Yet there's a financial incentive to do that - customer retention - assuming that consumers have multiple vendors from which they can purchase broadband Internet.
Who Doesn't Want Net Neutrality?
Republicans and free-market advocates, who generally believe a "yes" vote by FCC commissioners on February 26 would represent a power grab by the agency entailing heavy government regulation of the heretofore lightly regulated Internet.
And ISPs - the cable, phone, and wireless companies.
Crucially, all of those entities claim to favor the concept of net neutrality and an open Internet. Their stated objections largely concern the FCC reclassification vehicle, and more generally speak to a belief that net neutrality need not be accomplished through rules or laws.
Some critics of the FCC's proposed action believe that enforceable net neutrality should be enacted through Congress rather than administrative action by a federal agency.
"We're not opposed to net neutrality," Mediacom's Larsen said. "What we're opposed to is regulation under Title II of the 1934 Communications Act. ... If truly what they want is net neutrality, they should have Congress pass a law that says, 'Hey, here's a 21st Century law that codifies net neutrality.' But that's not what they're doing. They're trying to ram it into a 1930s statute."
Others believe the status quo works, that net neutrality doesn't need to be enforceable by the federal government to be a reality. This is the argument that the Internet doesn't need fixing - although it ignores that ISP behavior over the years has likely been shaped by the FCC's pro-net-neutrality position and its attempts at enforcement.
The Internet, Larsen said, is "the greatest economic-growth engine that's ever existed. It's really driven a lot of our economy. To think that it's broken and needs to be regulated back to health is just a fallacy."
Are Their Objections Valid?
Fundamentally, it's self-evident that the proposed FCC action is a hammer where a screwdriver would do. By repeatedly trying and failing to secure court-supported net-neutrality authority under Title I over the past decade, the FCC has given ammunition to critics today; it's only pursuing Title II regulation because Congress hasn't passed a net-neutrality law, and because courts won't sign off on rules under Title I. The FCC is now pursing a path it has avoided for years.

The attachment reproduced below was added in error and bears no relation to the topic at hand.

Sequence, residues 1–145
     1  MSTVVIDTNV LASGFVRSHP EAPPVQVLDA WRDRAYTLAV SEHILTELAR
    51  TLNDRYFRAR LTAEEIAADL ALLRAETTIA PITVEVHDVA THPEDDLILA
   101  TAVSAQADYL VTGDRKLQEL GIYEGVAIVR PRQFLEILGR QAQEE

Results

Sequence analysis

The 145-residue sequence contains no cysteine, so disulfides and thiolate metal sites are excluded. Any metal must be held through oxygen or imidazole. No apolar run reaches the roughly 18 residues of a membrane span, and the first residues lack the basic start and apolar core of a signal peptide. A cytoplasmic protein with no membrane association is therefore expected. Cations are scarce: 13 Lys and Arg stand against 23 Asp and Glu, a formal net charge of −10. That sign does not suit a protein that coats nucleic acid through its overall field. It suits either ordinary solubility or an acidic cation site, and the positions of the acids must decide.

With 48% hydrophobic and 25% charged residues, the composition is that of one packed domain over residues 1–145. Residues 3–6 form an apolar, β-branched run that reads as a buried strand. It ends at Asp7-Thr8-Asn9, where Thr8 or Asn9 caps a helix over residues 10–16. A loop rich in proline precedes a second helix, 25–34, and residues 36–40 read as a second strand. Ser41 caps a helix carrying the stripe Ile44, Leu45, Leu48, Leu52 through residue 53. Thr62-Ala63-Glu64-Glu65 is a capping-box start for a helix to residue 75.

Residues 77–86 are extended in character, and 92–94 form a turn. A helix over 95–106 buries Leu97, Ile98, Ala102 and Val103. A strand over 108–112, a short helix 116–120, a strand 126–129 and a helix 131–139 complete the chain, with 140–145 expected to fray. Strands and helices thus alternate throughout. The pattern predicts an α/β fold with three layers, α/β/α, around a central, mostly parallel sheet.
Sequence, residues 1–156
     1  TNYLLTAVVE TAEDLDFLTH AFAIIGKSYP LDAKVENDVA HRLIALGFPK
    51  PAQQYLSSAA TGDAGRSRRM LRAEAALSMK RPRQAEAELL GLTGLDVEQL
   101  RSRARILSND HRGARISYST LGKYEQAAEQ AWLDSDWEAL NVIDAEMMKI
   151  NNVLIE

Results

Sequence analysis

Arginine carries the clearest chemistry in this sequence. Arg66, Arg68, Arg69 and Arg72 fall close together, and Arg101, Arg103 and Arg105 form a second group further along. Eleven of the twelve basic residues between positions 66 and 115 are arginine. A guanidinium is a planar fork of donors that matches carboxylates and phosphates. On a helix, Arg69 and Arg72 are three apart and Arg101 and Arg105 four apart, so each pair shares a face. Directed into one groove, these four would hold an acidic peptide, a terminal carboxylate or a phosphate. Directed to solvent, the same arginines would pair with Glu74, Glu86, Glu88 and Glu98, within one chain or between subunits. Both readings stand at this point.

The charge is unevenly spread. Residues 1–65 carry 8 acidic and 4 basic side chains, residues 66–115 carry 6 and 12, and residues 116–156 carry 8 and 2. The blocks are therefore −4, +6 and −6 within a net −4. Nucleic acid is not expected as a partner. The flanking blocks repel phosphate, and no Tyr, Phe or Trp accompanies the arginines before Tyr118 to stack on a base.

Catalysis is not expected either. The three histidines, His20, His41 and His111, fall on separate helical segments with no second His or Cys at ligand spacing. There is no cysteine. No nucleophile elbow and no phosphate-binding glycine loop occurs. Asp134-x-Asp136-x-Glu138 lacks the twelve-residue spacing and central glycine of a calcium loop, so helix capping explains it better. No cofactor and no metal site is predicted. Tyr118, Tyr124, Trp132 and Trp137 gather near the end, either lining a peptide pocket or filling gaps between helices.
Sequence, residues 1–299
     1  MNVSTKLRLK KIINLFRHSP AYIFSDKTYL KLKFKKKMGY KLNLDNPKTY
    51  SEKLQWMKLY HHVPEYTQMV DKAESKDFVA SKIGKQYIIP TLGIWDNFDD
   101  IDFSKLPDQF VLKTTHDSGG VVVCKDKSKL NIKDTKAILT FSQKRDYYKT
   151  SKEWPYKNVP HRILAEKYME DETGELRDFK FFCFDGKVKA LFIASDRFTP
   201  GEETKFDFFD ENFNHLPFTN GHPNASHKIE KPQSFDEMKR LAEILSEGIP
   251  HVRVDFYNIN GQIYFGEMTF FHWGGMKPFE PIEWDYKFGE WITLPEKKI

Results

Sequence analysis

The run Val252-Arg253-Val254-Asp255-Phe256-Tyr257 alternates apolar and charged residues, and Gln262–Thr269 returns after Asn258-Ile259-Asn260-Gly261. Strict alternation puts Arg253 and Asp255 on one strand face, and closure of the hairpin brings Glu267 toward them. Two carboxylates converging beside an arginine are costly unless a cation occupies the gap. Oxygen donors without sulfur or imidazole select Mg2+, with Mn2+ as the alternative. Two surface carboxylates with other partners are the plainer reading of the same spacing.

So Mediacom's Larsen talks about the regulatory burden under Title II, saying it's an outdated statute that could subject consumer Internet bills to taxes new (such as the Universal Service Fund) and higher (such as for poll-attachment fees).
"You could have a situation where consumer bills go up overnight because states or the federal government realizes that there's declining revenue coming from the land-line phone business," Larsen said.
He also floated the theory that the FCC's proposed action (supported by President Barack Obama) represents the beginning of the three-step process in which the federal government takes over the Internet infrastructure in the United States.
"The president wants to control the Internet," Larsen said.
In this formulation, the government first changes the definition of what broadband is (based on speed), as the FCC's proposed action does. Because that effectively reduces the number of broadband players (eliminating DSL, for instance), there is according to the federal definitions a dearth of competition, which would then lead to construction of a government-owned network. And the third step is heavy regulation, Larsen said. He summarized: "Redefine it, own it, regulate it."
Regardless whether you find this theory frighteningly realistic or hilariously kooky, the fact that the FCC's proposed shift leads to this sort of discussion underscores the perils inherent in the prospect of heavier regulation. We know the status quo, and it's certainly not a bad situation in terms of net neutrality. We don't know what regulation under Title II might lead to, particularly considering that Wheeler has refused to release the draft rules prior to the FCC's vote.
There's the down-the-road prospect of price controls on Internet service, voiced by Republican FCC Commissioner Ajit Pai. Consumers might see price controls as a good thing, but they would undoubtedly stifle investment in infrastructure.